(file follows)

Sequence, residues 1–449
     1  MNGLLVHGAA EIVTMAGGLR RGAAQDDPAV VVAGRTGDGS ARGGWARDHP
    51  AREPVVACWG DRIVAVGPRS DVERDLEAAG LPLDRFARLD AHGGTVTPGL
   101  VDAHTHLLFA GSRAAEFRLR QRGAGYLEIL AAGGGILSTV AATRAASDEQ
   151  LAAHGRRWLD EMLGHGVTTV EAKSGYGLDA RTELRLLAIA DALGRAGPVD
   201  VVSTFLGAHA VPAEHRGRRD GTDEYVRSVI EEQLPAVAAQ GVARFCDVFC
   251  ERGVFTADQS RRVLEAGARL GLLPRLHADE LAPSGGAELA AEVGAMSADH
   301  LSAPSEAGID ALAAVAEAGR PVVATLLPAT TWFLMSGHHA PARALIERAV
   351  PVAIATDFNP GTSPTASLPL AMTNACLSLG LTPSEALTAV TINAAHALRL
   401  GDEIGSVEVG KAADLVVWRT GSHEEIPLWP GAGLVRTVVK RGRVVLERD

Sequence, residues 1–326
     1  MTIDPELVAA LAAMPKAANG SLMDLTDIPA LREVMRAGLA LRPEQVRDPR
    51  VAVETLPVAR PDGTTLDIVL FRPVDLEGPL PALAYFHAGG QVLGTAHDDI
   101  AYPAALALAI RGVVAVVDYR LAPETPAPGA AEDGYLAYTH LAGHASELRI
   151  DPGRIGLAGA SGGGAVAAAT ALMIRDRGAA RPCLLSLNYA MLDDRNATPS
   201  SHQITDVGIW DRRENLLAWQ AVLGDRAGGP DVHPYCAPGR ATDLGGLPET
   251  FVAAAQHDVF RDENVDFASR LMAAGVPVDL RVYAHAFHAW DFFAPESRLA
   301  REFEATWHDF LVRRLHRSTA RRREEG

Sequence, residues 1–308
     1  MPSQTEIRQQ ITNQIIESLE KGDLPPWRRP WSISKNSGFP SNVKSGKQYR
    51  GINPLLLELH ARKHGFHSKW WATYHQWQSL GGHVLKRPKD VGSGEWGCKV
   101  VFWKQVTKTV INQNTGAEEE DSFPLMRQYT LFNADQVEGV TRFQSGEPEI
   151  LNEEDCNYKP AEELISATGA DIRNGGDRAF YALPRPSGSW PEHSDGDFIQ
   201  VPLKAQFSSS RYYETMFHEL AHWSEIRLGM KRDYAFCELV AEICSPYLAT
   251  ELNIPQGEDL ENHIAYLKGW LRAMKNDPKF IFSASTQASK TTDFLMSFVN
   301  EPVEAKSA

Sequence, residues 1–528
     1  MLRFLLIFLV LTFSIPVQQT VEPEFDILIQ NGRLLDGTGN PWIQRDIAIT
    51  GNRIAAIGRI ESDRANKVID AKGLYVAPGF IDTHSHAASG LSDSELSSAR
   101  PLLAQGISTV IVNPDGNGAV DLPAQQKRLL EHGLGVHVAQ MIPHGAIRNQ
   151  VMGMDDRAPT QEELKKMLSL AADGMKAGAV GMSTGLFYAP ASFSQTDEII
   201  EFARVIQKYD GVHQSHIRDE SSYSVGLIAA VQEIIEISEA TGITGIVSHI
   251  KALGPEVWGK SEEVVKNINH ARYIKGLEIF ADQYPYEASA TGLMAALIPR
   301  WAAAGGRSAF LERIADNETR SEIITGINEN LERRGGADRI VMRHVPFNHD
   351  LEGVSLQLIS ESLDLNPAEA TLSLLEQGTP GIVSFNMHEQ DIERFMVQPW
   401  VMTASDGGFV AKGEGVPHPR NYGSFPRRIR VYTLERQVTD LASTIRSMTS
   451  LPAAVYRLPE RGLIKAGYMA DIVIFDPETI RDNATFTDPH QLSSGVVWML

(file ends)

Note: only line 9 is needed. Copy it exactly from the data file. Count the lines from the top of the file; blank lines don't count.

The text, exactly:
   351  PVAIATDFNP GTSPTASLPL AMTNACLSLG LTPSEALTAV TINAAHALRL